My New America Foundation colleague Michael Lind and author of The American Way of Strategy has just penned a thoughtful op-ed that gets right at the nugget of what Senator Lugar was pushing in his opening statement at the Crocker/Petraeus Senate Foreign Relations Committee hearings.
Lind writes in The Australian:
The long-awaited report by David Petraeus to the US Congress on the war in Iraq has provoked a debate about tactics rather than what is needed: a debate about strategy.
The tactics are those of the US troop surge (a weasel word for escalation). Observers agree that the surge has had some effect in reducing violence in parts of Iraq, temporarily if not permanently. But this success, if it is a success, ignores the larger question of US strategy.
The US did not invade Iraq to provide it with a police force. The goal is not reducing Iraqi violence as an end in itself.
The tactic of reducing violence by Shia and Sunni militias and jihadists, some Iraqi and some foreign, was supposed to serve two goals: reconciling the Iraqi population to the central government and giving Iraq’s three main ethnic groups – Shi’ites, Sunnis and Kurds – time to agree on a stable power-sharing arrangement in a national unity government.
Unfortunately, it appears that however successful the surge may be as a tactic, the two strategic goals are incompatible. The Iraqi nation cannot be reconciled to the Iraqi government if there is no Iraqi nation, only three ethnic nations, each of which prefers a government it controls to one in which it shares power with the others.
I’m not completely on board with Lind on the complete break-up of Iraq into three distinct nations, and I recognize many problems with the somewhat similar Biden-Gelb plan to create a tripartite federal structure — but still, working through the dimensions of that debate is what is important and what we should be spending most of our time wrestling with.
The beginning of wisdom is to realize that the US needs a new strategy in Iraq, not new tactics in the service of an unworkable strategy.
Recently the US has experienced successes in getting Sunni leaders to co-operate in suppressing jihadists in their territories. This success, however, exposes the falsehood on which the Bush administration has based its justification of the war since 2003: the claim that the US has been fighting a single group called “the terrorists”, consisting of Sunni and Shia militants as well as al-Qa’ida-linked jihadists.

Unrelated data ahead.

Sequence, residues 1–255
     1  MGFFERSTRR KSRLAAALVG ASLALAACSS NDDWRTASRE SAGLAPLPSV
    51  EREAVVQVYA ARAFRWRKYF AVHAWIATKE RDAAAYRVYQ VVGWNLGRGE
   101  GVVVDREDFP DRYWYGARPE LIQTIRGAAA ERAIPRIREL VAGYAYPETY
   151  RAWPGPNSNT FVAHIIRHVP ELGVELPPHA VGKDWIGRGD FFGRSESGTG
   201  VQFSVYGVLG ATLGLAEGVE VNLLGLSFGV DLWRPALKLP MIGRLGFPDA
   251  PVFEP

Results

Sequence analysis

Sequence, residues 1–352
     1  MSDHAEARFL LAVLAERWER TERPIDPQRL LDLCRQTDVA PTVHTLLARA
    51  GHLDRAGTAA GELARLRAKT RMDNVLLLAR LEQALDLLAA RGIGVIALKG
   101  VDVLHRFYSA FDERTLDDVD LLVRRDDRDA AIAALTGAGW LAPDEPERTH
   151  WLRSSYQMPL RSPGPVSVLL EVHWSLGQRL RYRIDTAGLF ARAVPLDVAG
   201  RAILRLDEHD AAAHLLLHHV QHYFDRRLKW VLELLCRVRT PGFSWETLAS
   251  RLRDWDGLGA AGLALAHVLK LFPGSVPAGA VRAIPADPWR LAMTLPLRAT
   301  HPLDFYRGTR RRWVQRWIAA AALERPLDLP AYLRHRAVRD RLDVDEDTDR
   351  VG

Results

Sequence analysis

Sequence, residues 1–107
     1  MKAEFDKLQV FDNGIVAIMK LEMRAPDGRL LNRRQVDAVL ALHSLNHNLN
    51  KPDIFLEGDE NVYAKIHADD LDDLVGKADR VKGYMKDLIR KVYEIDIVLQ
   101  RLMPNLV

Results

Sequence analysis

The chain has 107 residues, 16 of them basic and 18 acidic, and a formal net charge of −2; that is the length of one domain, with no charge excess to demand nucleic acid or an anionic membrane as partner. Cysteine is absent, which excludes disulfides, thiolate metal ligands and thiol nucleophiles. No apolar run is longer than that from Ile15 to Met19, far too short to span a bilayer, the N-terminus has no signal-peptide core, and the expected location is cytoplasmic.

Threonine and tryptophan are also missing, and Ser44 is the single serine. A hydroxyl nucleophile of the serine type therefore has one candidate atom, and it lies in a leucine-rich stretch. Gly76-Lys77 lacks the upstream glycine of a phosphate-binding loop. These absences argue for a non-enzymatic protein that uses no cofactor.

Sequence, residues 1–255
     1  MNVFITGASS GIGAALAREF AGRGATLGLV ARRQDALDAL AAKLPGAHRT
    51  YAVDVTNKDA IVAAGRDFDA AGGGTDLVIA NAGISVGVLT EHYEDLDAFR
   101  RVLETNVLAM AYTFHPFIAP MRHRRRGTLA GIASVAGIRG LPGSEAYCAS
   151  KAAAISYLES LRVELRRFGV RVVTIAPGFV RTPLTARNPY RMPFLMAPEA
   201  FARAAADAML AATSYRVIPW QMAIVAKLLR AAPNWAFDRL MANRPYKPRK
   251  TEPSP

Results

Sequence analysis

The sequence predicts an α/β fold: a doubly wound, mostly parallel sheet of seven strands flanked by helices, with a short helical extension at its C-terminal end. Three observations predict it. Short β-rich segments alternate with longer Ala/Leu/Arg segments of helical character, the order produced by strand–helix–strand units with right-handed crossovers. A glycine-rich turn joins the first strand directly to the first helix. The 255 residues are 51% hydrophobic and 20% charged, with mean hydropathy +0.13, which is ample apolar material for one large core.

The US should build on this success by reaching out to Shia militants as well as Sunni militants, on condition that they agree to capture or kill jihadists operating in their territory.
Iraq has degenerated into a Hobbesian anarchy in which power grows from the barrel of a gun, as well as from the minaret of a mosque. If mullahs and militias are the real authorities in Iraq, not powerless politicians in a paper parliament, then to avert the further unnecessary expenditure of Iraqi as well as American and British lives, the US should build its policy on this fact.
I also disagree with Lind that an effective US strategy to decrease the Hobbesian temperature would be to create temporary alliances with Shia leaders as we have with Anbar Sunnis to attack and kill resident jihadists.
In my view, the Sunnis in Anbar — now less one important Sheikh killed perhaps in part because of his high profile support of the US mission and his handshake with George W. Bush — are working with American troops so as to buy time to re-organize and rejuvenate before going after Shia interests later, particularly after US troop levels taper.
And frankly, if US troops don’t depart, our Sunni allies today may be attacking us tomorrow.
But again, Michael Lind is exactly on target that we need to engage in a discussion about our strategic objectives — not the micro-tactics discussion the administration has seduced Congress into.
— Steve Clemons